With the current buzz about a possible chasm in the ranks of government, particularly in light of the open warfare between two ministers, Weekly speaks to lawyer Hervé Duval for his insight into how this bodes for the country both internally and internationally. As he is also legal adviser to PPS Thierry Henry who was recently involved in a fatal road accident, we take the opportunity to clarify some of the pertinent questions surrounding that incident.
There is currently a crisis at the highest level of government. The now-minister of foreign affairs, Vishnu Lutchmeenaraidoo swore an affidavit implicating the minister of financial services, Roshi Bhadain and the prime minister himself. Should the latter not rebut those allegations by way of affidavit?
They did not have to file any affidavit in rebuttal because the application which was supported by Mr. Lutchmeenaraidoo’s affidavit, has been set aside. By the time the affidavit became public, there was no case pending.
What do you think of the allegations themselves?
It is not the first time we’ve heard that the ICAC has been used as a political tool or that there are organised leaks of half-truths in the media with a view to poison the mind of the public. Although these remain very serious allegations, what people are more concerned about is the confidential banking information being leaked to the press, the fact that two ministers are openly at war and on the reaction, or lack thereof, of the prime minister while they are making serious allegations about one another.
Who do you believe?
The rare times when I am inclined to believe politicians are when they tell secrets about their supposed friends. Nothing like a lovers’ spat to get the inside story. That a serving minister should make such allegations against a fellow member of cabinet does go some way to vindicate others outside government circles who have been making similar claims.
Do you mean you believe the allegations Lutchmeenaraidoo is making against Bhadain and against the prime minister?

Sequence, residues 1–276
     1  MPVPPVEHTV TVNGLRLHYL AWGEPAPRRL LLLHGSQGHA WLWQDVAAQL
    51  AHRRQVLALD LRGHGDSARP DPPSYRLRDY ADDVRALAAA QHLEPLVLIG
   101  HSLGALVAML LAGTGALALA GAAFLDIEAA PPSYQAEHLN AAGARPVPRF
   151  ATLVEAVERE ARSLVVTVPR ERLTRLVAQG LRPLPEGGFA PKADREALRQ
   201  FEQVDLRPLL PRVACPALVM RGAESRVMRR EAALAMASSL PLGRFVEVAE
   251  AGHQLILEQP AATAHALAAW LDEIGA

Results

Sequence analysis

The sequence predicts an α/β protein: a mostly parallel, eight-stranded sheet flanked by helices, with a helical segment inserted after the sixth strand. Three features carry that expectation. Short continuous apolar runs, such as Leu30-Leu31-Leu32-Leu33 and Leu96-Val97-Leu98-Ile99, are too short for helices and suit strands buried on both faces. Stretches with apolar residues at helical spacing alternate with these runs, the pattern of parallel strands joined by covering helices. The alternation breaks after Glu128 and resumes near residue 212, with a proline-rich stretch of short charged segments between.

One would expect the prime minister to seek reassurances from his minister of finance or from other quarters after the issue of the Euro loan became public. I find it hard to believe that Mr. Lutchmeenaraidoo would be so bold as to affirm in his affidavit that the prime minister had the opportunity to satisfy himself that there had been no impropriety, if that was not the case. As regards the allegations against Minister Bhadain, I am more inclined to believe Mr. Lutchmeenaraidoo when he is telling on his colleague, knowing that both of them have proudly participated in the “cleaning up” campaign, than when he is making wild allegations against his political opponents.
Does that worry you?
I am actually quite happy that these things are coming out from within government ranks. They cannot be dismissed as ramblings of former rulers, or their friends, who have no other defence to offer. That a serving minister should make such allegations is indeed quite novel. One can only hope that he will do everything he can to effectively expose the modus operandi of those he says control the Independent Commission Against Corruption (ICAC) and manipulate the media. I am, on the other hand, worried about the consequences which all this will have on the image of our country and its attractiveness for potential investors. It worries me to hear that Mr. Bhadain will not say anything against Mr. Lutchmeenaraidoo as long as the latter is a minister. If he has any information which could help the ICAC in its investigation then he should speak now. It worries me that the prime minister should deem it fit to issue a communiqué to give the lie to what his minister of finance had affirmed concerning him, and then expects the population to accept that it is business as usual in cabinet. It worries me that the prime minister has not deemed it fit to reassure the public that he will not tolerate any member of his government having recourse to KGB methods or doing anything which could adversely affect the credibility of the ICAC or its efforts to assert its independence.
Is the fact that an accusing minister and an accused one still sit next to one another in cabinet look normal to you?